Ms. Porrata, who studied the method at Columbia University Teacher’s College, said students in dual language immersion environments perform better in all subjects, regardless of whether they began school speaking the primarily language or the target language. She says the method is a better way to teach and empower English learners, and also gives native English-speaking children a chance to boost academic achievement while learning bilingualism and biculturalism.
“This is most effective for young children. There is significant research showing that if a child remains in a dual-language program through eighth grade, they will equal or exceed the performance of their peers,” Ms. Porrata said. “Except they do it in two languages!”
The program Ms. Porrata wants to help implement at West Marin School is designed to integrate native English speakers with native Spanish speakers beginning in kindergarten. Students learn a second language by receiving lessons in Spanish and English; the second language is used for instruction in various subjects instead of just as a separate class. In the beginning, the coursework is balanced at just ten percent
Spanish and 90 percent English, with the languages gaining parity by increments until students are in fifth grade.
Research shows that positive cognitive gains are associated with learning a second language in childhood, and that the brain is most susceptible to learning language before the age of eight. Ms. Porrata said bilingualism has been shown to facilitate intellectual growth, promote stronger math skills and enhance critical thinking. It also helps with self-esteem.
“In a dual-immersion program, all the students are second language learners,” she said, “ and they can become language models for each other.” Furthermore, she said the programs helped preserve and celebrate cultural heritage.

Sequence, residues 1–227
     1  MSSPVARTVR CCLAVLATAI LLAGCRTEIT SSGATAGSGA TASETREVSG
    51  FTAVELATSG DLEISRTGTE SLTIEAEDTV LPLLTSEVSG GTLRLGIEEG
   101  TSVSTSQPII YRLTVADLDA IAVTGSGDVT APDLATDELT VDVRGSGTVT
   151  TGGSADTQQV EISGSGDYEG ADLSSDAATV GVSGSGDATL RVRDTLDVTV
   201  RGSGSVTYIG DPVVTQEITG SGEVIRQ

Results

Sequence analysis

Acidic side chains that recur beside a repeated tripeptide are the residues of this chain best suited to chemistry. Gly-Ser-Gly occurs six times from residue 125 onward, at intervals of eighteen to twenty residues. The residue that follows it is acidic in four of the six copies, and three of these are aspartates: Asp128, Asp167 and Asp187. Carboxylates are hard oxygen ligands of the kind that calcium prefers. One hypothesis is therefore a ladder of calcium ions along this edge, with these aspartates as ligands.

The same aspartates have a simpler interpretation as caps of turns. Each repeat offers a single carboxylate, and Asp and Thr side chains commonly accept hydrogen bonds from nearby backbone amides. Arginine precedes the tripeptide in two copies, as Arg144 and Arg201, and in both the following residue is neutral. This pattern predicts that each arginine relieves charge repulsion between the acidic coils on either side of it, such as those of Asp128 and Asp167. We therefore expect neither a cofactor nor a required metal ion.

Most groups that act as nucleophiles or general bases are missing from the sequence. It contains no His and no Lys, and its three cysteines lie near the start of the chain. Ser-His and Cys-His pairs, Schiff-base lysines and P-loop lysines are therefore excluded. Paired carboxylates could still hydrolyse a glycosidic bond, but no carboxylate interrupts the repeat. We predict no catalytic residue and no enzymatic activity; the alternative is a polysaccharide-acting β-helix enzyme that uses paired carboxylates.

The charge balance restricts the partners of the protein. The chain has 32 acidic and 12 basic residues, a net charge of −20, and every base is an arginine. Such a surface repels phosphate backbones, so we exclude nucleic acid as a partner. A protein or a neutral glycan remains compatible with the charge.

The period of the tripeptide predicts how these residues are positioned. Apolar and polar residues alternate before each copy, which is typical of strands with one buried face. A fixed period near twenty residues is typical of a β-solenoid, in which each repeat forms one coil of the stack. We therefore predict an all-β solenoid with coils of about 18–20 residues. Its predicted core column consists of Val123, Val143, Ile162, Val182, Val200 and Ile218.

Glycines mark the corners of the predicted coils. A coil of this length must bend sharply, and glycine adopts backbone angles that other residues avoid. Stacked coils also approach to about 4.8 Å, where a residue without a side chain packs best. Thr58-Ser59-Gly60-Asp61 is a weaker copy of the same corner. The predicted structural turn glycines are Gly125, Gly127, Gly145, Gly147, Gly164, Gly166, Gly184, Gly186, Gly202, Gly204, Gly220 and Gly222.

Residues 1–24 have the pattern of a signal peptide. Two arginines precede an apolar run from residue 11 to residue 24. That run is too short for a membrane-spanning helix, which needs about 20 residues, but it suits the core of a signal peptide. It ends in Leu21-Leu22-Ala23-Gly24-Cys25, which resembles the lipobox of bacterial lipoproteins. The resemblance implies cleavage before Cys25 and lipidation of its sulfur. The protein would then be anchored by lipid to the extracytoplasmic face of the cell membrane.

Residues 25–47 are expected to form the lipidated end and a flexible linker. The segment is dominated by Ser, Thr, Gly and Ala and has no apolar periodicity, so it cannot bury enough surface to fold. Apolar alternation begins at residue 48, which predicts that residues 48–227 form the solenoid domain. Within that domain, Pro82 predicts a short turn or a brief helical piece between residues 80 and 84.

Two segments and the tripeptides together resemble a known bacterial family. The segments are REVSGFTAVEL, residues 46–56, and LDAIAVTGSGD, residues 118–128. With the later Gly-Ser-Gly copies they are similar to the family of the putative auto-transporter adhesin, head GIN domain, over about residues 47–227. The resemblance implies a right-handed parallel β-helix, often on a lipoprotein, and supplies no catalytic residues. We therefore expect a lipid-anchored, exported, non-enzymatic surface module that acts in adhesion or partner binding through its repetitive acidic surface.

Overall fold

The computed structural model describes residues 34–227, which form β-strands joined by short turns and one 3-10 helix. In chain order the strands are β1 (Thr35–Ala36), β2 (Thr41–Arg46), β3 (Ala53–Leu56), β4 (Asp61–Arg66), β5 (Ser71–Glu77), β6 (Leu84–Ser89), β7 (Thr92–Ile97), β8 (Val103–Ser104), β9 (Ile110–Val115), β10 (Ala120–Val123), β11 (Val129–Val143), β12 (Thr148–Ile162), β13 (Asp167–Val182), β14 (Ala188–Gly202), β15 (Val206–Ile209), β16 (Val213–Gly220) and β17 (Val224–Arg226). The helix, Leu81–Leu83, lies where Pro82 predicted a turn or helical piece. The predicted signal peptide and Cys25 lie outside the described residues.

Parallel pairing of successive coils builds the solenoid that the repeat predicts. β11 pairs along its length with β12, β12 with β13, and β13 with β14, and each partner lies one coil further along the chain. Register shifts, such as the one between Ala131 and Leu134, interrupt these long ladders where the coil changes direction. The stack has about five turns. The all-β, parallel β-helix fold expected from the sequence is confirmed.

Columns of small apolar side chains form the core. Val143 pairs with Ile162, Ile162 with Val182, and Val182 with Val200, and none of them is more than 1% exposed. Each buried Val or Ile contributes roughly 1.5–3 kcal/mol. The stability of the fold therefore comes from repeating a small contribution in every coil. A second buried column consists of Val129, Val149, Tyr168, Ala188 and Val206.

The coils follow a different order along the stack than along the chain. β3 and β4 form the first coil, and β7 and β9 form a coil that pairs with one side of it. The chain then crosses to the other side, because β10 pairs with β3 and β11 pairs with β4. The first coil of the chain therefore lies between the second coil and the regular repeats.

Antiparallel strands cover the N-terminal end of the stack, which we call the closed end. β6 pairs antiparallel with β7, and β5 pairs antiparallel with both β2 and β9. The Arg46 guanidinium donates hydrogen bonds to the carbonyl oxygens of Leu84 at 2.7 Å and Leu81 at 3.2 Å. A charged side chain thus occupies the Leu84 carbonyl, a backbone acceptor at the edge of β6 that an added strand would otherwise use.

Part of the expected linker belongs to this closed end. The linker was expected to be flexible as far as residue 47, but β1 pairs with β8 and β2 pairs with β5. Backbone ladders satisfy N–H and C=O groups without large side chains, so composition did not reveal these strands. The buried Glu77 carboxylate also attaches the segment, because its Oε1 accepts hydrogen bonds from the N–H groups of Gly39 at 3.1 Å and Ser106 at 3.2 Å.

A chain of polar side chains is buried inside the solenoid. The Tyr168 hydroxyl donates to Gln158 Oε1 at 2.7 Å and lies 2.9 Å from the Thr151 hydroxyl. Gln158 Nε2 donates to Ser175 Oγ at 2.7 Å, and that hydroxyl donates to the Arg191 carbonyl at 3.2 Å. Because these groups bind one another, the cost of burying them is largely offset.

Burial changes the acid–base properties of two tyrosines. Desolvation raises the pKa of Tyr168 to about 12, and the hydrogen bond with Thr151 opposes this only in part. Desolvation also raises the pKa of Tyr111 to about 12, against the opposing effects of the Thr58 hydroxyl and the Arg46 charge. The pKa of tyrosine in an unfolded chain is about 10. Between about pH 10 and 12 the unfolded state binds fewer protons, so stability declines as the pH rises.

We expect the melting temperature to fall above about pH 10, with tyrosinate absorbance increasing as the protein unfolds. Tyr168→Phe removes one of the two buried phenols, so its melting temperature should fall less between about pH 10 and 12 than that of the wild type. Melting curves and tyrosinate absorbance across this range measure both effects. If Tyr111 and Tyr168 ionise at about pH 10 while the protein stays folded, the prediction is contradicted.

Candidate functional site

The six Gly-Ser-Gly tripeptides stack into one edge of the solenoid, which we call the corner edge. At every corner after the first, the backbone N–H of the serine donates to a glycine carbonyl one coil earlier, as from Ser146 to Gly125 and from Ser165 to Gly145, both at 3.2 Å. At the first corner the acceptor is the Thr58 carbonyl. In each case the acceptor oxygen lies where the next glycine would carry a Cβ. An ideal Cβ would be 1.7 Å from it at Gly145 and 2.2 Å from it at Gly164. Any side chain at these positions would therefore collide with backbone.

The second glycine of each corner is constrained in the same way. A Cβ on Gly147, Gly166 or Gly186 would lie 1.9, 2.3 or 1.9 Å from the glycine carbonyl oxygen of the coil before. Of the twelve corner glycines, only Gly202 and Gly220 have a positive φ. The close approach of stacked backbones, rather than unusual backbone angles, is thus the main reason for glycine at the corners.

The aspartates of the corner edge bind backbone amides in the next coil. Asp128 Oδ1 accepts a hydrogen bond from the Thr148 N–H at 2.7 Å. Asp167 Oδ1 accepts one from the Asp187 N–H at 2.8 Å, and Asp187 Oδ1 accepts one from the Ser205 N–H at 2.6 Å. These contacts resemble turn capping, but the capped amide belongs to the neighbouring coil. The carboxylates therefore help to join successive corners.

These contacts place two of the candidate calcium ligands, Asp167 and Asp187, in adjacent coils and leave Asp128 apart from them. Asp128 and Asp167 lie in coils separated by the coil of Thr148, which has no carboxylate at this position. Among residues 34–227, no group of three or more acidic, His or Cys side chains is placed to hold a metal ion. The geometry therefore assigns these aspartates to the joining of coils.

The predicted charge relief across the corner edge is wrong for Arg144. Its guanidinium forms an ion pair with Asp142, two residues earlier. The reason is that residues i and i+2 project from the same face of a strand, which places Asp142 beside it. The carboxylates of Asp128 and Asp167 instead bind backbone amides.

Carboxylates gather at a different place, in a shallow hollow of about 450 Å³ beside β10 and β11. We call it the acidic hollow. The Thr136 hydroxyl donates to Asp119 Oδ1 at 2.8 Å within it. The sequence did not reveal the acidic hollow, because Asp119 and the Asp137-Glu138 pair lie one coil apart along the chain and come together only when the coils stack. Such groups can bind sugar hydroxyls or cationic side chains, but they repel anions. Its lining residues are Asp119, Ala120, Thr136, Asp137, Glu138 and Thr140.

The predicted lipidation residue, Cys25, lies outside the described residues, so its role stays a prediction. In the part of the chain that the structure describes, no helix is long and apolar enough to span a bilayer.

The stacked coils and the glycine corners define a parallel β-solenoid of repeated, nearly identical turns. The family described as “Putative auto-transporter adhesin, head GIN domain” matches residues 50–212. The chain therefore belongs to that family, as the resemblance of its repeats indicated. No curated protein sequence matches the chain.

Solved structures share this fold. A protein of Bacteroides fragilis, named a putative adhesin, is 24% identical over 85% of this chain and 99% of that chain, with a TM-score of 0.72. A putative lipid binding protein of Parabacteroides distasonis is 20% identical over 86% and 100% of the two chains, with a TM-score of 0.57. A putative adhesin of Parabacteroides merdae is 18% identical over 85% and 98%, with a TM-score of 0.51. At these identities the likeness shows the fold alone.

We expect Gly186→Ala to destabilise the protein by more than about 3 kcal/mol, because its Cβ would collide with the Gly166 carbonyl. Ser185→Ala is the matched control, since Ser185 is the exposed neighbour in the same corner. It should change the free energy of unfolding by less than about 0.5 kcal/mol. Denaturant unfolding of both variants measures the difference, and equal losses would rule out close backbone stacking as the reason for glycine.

The first steps the task force will take include conducting a feasibility study for the district and assessing what resources it already has — such as certified bilingual teachers — as well as the level of interest from parents in such a program.
“We’ll be collectively and creatively thinking about which campus would be most appropriate for the program,” she said. Wherever it may be tried, the program would go along with a parallel curriculum, she said, offering the more traditional, English-only format, for parents who prefer to opt out.
“I think it’s important to say that besides some basic benefits of dual immersion, what really resonates for many in West Marin is that this is an equity issue,” Ms. Porrata said. “Students need to be able to mix more and create lifelong relationships. That’s the goal. Currently, what I’m afraid of, and why I wouldn’t register my daughter for Shoreline, is that children are segregated for their English instruction. And I’m not comfortable with kids being separated along racial and ethnic lines.”
Ms. Porrata said she expected the first, exploratory phase to last around three months, and parents could expect the dual-immersion option to be available by next fall. The process has been possible in part through a grant from the Marin Community Foundation.
“If it’s feasible then the district could potentially move forward,” Ms. Porrata said. “But if it’s not feasible and we don’t have the interest, the space, the materials or enough forward movement—then it won’t happen.